Well, here is one for intercepts, from Integrated 1 through Integrated 3 (Side 1 and Side 2):

**On the top half, the students in Integrated 1 will find the intercepts of linear functions.**

*How did you determine those? Just think about it for a bit, share on your paper, then trade with your neighbor as we go through them as a class. For the graph, make sure you also put what you think the equation should be. We'll check those as well.*

Then, at the end of the period, hand them in. As the teacher, I will take your work and hand it off to the Integrated 2 team and, next year, you will be working on the bottom half. Doesn't that look hard?! Well, because of the work you've done today, the goal is to make that easier.

Go ahead, class, turn them in. Make sure your name is at the top!

Then, at the end of the period, hand them in. As the teacher, I will take your work and hand it off to the Integrated 2 team and, next year, you will be working on the bottom half. Doesn't that look hard?! Well, because of the work you've done today, the goal is to make that easier.

Go ahead, class, turn them in. Make sure your name is at the top!

**On the bottom half, the students in Integrated 2 will again find the intercepts, but this time for quadratic functions. Before they do that, though, the class will go over the top half.**

*Hey, remember last year when you found intercepts of linear functions? NO?! What?! Well here (passes out papers), take a look at the work you and your classmates did last year. Even if it is't your paper, it should be one of your classmate's. This is what you did last year. Let's confirm that it's accurate before we move on.*

Please take a moment to find the intercepts for each of the functions. How did you determine those? Think about it for a bit, share on your paper, then trade with your neighbor as we go through them as a class. For the graph, make sure you also put what you think the equation should be. We'll check those as well.

Please take a moment to find the intercepts for each of the functions. How did you determine those? Think about it for a bit, share on your paper, then trade with your neighbor as we go through them as a class. For the graph, make sure you also put what you think the equation should be. We'll check those as well.

*Then, at the end of the period, hand them in. As the teacher, I will take your work and hand it off to the Integrated 3 team and, next year, you will be working on the back side. Doesn't that look hard?! Well, because of the work you've done today and last year, the goal is to make that easier.*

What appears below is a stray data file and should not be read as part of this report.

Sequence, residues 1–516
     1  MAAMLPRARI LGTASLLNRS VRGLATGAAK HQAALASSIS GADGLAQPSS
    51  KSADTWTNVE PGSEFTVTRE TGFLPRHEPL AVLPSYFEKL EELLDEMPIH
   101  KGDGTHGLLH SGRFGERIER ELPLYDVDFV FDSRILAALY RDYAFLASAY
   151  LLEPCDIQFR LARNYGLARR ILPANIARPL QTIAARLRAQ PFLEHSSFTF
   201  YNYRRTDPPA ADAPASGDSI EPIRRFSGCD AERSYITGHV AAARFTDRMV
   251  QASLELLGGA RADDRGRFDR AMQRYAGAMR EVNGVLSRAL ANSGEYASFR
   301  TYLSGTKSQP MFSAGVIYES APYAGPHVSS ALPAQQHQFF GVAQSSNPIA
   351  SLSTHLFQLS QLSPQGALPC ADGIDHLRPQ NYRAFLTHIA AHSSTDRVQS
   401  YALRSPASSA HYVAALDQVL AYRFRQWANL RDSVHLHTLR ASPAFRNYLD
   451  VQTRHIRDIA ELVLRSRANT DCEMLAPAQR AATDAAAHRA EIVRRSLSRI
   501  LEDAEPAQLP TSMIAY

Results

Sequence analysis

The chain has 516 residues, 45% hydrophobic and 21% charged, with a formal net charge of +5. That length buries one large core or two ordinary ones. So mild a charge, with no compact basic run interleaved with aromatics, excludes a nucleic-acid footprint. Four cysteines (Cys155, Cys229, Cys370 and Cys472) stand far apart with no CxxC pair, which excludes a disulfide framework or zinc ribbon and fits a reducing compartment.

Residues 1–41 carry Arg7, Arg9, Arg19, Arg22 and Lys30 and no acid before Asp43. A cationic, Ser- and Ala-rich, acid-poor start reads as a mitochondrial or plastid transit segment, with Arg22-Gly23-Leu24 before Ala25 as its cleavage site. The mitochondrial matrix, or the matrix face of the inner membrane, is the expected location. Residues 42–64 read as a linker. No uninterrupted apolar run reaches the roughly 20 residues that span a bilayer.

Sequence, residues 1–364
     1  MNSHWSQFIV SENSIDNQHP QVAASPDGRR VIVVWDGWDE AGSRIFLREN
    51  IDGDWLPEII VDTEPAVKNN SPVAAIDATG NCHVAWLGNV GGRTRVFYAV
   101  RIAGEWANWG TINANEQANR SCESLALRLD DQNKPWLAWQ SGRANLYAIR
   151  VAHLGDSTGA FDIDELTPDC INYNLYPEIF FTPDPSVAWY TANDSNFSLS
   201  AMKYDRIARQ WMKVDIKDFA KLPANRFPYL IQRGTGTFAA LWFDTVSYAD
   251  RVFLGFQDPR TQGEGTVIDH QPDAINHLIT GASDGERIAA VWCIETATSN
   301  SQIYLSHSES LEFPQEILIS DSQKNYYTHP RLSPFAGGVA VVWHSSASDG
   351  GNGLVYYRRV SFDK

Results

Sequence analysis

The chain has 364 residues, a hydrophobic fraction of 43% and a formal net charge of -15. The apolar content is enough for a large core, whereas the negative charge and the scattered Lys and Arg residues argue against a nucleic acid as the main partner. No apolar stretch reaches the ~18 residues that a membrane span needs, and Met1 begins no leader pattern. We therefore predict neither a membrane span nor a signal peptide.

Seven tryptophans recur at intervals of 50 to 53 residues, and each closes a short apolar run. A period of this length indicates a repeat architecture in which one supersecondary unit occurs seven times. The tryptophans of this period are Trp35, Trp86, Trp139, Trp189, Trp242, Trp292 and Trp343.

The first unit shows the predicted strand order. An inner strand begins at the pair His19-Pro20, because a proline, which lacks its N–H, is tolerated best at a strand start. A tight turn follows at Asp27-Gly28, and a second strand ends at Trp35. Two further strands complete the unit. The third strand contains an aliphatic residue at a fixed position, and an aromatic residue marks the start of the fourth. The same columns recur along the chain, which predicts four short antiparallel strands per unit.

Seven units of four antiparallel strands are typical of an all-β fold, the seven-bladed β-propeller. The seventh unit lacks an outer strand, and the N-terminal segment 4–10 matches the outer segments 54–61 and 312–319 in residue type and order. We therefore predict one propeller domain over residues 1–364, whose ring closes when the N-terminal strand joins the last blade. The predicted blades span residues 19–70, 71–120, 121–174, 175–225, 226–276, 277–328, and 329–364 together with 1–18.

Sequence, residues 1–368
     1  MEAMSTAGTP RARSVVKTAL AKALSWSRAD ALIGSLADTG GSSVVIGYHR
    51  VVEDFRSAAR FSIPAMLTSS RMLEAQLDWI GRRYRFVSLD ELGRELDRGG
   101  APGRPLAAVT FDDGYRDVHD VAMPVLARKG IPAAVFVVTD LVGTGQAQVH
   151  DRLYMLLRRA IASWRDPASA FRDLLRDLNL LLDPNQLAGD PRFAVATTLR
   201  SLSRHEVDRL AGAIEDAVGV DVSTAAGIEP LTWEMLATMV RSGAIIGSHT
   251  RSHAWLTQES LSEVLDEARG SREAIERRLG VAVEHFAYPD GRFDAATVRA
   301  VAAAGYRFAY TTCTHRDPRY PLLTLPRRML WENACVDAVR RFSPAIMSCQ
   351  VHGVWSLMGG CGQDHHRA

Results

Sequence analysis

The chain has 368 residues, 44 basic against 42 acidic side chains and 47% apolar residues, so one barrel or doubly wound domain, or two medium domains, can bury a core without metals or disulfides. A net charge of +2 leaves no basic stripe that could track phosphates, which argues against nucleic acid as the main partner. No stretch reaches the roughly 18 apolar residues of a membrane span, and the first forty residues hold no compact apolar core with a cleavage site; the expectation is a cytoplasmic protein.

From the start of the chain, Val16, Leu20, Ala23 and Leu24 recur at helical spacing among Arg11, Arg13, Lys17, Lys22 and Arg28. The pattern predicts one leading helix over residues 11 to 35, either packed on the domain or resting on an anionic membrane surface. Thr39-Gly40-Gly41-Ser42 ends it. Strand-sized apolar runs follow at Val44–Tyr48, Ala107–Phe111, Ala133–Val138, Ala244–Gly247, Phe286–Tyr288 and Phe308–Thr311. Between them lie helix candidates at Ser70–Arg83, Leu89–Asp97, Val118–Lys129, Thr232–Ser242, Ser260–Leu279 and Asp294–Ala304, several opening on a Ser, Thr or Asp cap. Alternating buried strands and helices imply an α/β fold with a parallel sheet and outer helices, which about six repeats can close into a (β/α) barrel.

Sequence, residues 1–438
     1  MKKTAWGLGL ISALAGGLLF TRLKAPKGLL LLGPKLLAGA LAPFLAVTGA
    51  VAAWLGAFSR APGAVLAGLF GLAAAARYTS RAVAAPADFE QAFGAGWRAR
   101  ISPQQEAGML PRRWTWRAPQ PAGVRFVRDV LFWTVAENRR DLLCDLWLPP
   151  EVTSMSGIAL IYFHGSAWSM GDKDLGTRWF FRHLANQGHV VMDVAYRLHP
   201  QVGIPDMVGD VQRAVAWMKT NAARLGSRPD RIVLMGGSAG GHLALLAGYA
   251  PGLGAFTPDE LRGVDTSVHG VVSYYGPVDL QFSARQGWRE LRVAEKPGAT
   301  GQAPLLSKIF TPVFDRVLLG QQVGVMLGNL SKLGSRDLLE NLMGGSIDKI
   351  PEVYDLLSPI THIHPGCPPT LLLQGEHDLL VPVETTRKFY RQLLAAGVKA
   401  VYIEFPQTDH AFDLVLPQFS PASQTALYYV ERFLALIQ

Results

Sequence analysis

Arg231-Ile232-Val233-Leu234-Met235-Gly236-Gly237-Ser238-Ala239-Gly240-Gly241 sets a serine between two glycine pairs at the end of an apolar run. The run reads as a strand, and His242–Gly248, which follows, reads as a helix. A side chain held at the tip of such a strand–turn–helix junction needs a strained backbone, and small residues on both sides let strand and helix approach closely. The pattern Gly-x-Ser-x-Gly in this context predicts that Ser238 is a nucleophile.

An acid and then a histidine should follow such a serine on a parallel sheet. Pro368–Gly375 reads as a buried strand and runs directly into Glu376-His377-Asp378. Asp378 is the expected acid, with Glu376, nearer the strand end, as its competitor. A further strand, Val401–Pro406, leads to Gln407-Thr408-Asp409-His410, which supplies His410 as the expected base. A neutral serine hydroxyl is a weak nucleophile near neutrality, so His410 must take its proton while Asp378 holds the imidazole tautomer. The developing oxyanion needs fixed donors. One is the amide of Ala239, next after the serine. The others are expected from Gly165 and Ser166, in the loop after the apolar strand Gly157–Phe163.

Go ahead, class, turn them in. Make sure your name is in the middle section where it gives you the option!

Go ahead, class, turn them in. Make sure your name is in the middle section where it gives you the option!

**After introducing cubic functions, the same progressions paper gets handed back to the students in Integrated 3. On the paper, students will complete the back side to find the intercepts for cubic functions. Before they do that,**

**though, the class will go over the front side.***Hey, remember last year when you found intercepts of quadratic functions? NO?! What?! Well here (passes out papers), take a look at the work you and your classmates did last year and the year before. Even if it is't your paper, it should be one of your classmate's. This is what you did last year. Let's confirm that it's accurate before we move on.*

Please take a moment to find the intercepts for each of the functions. How did you determine those? Think about it for a bit, share on your paper, then trade with your neighbor as we go through them as a class. For the graph, make sure you also put what you think the equation should be. We'll check those as well.

Please take a moment to find the intercepts for each of the functions. How did you determine those? Think about it for a bit, share on your paper, then trade with your neighbor as we go through them as a class. For the graph, make sure you also put what you think the equation should be. We'll check those as well.

*Then, at the end of the period, we are going to reflect on the progression from linear intercepts to quadratic and now cubic. As you can see, they all have a common theme and can be solved in similar ways. Pretty cool, eh? YEAH!*

Go ahead, class, turn them in. Make sure your name is on the back before you pack it up for the day.

Go ahead, class, turn them in. Make sure your name is on the back before you pack it up for the day.

*know*it was taught in previous years. Or function tables. Or fractions. Or ANYTHING. Rather than blaming each other for not teaching something because we have a forgetful conduit, let's build something that will help kids remember. It isn't fancy. There is no technology. This is on purpose because I want

*all*teachers to see it and think they can do it.

**That**is the goal of these.

So now, I'm interested in your thoughts. Do you see these as useful? How can they be improved?

**Happy "Progress" Fishing**